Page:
I pray the cycle of addiction stops here – I have worked so hard to be free of my anorexia and exercise addiction, to stop looking for highs through work. I am healing – I am trying to build my self-esteem– I want to build a different life for me and my daughters. My dad found sobriety five years ago, just one day stopped – he is a wonderful grandad to my children.

 

Yes, my head can still be crazy, on days I can feel very alone and very insecure, convinced that everyone hates me and is going to leave me. I am hyper-vigilant, ready to solve any crisis that might happen, I can still feel responsible for everything and everyone’s feelings. But, I now know those thoughts aren’t real, they are just fears haunting me from the past. I am not alone anymore, I have lots of friends, in and out of recovery that I can pick up the phone to. And I am not responsible for everything – I may have felt responsible for parenting my sister and for solving dad’s alcoholism, but now I have a partner where we can share the load, be a team.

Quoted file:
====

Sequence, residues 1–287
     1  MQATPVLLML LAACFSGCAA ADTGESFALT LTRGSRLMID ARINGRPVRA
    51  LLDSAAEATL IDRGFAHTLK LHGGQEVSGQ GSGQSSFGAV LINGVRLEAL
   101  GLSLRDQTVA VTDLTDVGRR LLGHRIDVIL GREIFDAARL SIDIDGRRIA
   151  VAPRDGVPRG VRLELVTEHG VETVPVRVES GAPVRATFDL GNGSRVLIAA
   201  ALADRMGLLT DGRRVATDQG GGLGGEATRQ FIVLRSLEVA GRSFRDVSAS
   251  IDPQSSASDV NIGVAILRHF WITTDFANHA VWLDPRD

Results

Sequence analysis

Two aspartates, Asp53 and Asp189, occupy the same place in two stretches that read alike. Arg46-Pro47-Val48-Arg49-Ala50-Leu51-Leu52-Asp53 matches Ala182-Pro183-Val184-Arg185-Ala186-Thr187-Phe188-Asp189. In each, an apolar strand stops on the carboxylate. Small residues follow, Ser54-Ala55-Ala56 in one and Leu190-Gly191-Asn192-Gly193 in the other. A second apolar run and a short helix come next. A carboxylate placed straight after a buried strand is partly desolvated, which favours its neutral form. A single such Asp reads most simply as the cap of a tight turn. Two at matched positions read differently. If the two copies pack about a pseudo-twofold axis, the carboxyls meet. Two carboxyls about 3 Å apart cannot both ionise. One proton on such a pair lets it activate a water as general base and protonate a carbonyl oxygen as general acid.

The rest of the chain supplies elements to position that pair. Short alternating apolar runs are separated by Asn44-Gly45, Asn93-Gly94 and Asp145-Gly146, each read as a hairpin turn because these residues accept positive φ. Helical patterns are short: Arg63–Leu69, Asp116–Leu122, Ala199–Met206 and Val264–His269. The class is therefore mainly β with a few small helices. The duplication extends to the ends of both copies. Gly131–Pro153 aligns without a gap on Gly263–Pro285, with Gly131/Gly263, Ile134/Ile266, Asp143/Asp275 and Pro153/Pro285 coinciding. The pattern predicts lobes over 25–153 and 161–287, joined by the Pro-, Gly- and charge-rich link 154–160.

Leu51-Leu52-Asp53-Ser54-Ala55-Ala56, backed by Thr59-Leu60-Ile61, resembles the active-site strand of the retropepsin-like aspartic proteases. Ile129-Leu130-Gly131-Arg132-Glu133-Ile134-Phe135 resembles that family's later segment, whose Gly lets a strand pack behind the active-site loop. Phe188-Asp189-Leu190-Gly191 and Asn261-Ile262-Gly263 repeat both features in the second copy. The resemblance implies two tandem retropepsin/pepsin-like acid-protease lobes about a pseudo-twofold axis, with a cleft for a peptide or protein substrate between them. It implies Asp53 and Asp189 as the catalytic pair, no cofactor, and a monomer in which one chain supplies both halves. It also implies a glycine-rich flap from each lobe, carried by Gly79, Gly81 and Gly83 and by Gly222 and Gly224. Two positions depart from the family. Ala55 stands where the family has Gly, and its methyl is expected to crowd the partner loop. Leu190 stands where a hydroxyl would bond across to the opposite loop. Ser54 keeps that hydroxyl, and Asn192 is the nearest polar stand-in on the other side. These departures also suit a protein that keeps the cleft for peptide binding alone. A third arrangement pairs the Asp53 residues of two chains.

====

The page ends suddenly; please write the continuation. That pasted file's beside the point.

Me now, making a new life for me and my family.
So, there it is. I hope for any of you that have been through this or going through it right now, there is something in my story that you can relate to or identify with. Knowing there were other children of alcoholics out there was my first step in recovery. The first step where I felt a connection, where I could be me, tell the truth and be understood. It gave me hope.